States with prolonged shutdowns are starting to reach the same level of miles driven as states with only moderate shutdowns. This is despite sharper declines in miles driven during peak periods of COVID-19. - Chart courtesy of Samsara.

States with prolonged shutdowns are starting to reach the same level of miles driven as states with only moderate shutdowns. This is despite sharper declines in miles driven during peak periods of COVID-19.

Chart courtesy of Samsara.

In a race to stop the spread of COVID-19, millions of Americans across the country were ordered to stay home, except for essential activities. While all states have reopened in some capacity, the date they went into lockdown and the time they spent under that lockdown varies dramatically.

To see how these varying restrictions impacted commercial transportation in the United States, telematics service provider Samsara collated data from the nearly 130 million trips its 15,000 customers — operating across industries such as transportation and logistics, food production, local government, among others — have taken since the start of 2020.

Samsara analyzed transportation trends and safety incidents before, during, and after lockdowns across the United States. The data, collated in a report, outlines changes to commercial activity, industry-specific trends, and shifts in driver behavior. 

Key findings

1. Commercial driving activity has returned to normal, or higher than normal, levels

On average, U.S. states have returned to be within 95% of pre-COVID-19 commercial driving activity, defined as miles driven and the number of operating vehicles on the road.

But this is not without some variation.

States that experienced limited to no lockdown restrictions are seeing a faster return to average commercial driving activity pre-pandemic. Not only have these states already seen a return to more than 100% of pre-COVID-19 commercial driving activity, but they also saw more modest declines during shutdown periods.

2. Industry impact varies widely — education most impacted, long haul and construction remain stable

Long haul transportation experienced a quick recovery from COVID-19. Food and beverage and wholesale trade transportation have also essentially reached pre-COVID-19 commercial driving activity. 

This is in sharp contrast to other industries like passenger transit and education. Passenger transit activity has stabilized at around 35% of pre-COVID-19 levels and educational services activity remains below 10%.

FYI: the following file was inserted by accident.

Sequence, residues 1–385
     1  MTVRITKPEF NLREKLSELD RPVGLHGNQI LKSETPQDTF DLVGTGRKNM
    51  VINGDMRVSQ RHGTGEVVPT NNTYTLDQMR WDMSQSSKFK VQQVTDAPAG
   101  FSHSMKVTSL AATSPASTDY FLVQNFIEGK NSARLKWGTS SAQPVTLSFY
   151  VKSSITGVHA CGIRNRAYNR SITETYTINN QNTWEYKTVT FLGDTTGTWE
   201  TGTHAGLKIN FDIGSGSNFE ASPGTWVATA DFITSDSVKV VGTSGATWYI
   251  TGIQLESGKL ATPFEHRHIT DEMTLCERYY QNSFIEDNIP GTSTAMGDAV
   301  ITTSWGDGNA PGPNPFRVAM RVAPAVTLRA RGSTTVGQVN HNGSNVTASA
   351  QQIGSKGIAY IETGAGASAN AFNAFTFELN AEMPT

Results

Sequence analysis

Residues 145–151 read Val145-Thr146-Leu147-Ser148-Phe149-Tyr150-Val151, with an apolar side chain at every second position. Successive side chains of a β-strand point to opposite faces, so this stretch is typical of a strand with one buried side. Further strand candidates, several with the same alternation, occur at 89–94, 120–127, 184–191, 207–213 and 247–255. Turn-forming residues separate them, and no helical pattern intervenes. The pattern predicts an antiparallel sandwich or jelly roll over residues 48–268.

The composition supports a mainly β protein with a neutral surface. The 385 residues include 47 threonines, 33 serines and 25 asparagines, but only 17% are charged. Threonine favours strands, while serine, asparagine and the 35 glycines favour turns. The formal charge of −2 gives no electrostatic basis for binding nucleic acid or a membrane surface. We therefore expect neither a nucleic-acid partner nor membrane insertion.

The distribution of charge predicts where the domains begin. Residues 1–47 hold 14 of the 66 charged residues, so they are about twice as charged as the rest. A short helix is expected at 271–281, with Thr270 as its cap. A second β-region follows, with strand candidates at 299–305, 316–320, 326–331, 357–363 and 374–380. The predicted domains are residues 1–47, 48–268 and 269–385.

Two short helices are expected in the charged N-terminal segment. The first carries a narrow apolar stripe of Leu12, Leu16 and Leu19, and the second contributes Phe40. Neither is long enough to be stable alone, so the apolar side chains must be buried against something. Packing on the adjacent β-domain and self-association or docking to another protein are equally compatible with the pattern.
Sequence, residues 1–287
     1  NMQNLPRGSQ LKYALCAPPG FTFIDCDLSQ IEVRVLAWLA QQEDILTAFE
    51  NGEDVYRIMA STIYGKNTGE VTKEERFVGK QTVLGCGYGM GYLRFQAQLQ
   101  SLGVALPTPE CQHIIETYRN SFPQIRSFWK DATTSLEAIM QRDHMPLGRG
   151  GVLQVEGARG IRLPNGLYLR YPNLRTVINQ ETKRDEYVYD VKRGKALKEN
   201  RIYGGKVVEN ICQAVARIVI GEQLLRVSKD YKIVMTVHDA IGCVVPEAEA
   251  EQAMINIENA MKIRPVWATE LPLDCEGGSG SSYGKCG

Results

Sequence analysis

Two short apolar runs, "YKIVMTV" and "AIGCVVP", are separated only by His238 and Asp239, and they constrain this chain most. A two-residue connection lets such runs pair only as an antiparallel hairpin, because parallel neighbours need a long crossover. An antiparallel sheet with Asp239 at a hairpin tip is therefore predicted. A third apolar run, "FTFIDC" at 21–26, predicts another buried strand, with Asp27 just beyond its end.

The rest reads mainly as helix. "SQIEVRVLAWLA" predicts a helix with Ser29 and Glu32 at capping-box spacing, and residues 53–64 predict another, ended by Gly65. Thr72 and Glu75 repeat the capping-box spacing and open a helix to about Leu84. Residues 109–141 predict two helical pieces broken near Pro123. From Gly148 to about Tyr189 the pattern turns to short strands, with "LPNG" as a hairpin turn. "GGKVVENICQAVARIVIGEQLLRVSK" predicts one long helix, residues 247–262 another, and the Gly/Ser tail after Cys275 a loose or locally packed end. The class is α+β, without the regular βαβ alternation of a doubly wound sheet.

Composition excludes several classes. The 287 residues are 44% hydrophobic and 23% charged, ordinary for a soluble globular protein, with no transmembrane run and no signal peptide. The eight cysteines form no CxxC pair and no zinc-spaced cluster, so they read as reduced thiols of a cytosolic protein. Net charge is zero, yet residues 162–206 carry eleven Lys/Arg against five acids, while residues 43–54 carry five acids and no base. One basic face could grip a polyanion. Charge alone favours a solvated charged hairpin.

Other industries, like oil and gas, have not yet recovered from COVID-19’s implications, operating at 60% of pre-COVID-19 commercial activity.

The construction industry, on the other hand, is starting to clock in more miles, operating at 5% above pre-COVID-19 levels in recent weeks.

While passenger transit activity has stabilized at around 35% of pre-COVID-19 levels, educational services activity remains below 10%. - Chart courtesy of Samsara.

While passenger transit activity has stabilized at around 35% of pre-COVID-19 levels, educational services activity remains below 10%.

Chart courtesy of Samsara.

3. With emptier roads, harsh braking and acceleration decreased by 40%

There has been a decline in harsh braking and acceleration across all states, culminating at 40% below the pre-COVID-19 baseline.

The trend has become even more pronounced as commercial fleets are beginning to resume pre-COVID-19 levels of activity with significantly fewer passenger vehicles on the road, leading to fewer harsh braking and harsh acceleration events per 1000 miles driven.

States with comprehensive restrictions still in place are seeing even sharper declines in these behaviors. 

4. Empty roads led to a 20% increase in severe speeding

With roads less congested, drivers might have been tempted to go speeds that they otherwise would not be able to reach on heavily trafficked roads. 

In early April, severe speeding rose 20% above the pre-COVID-19 baseline, indicating that while there may be a decline in some risky driving behavior (like harsh braking and accelerations), there are certain driving behaviors that are making roads more dangerous too.

In early April, severe speeding rose 20% above the pre-COVID-19 baseline. - Chart courtesy of Samsara.

In early April, severe speeding rose 20% above the pre-COVID-19 baseline.

Chart courtesy of Samsara.

0 Comments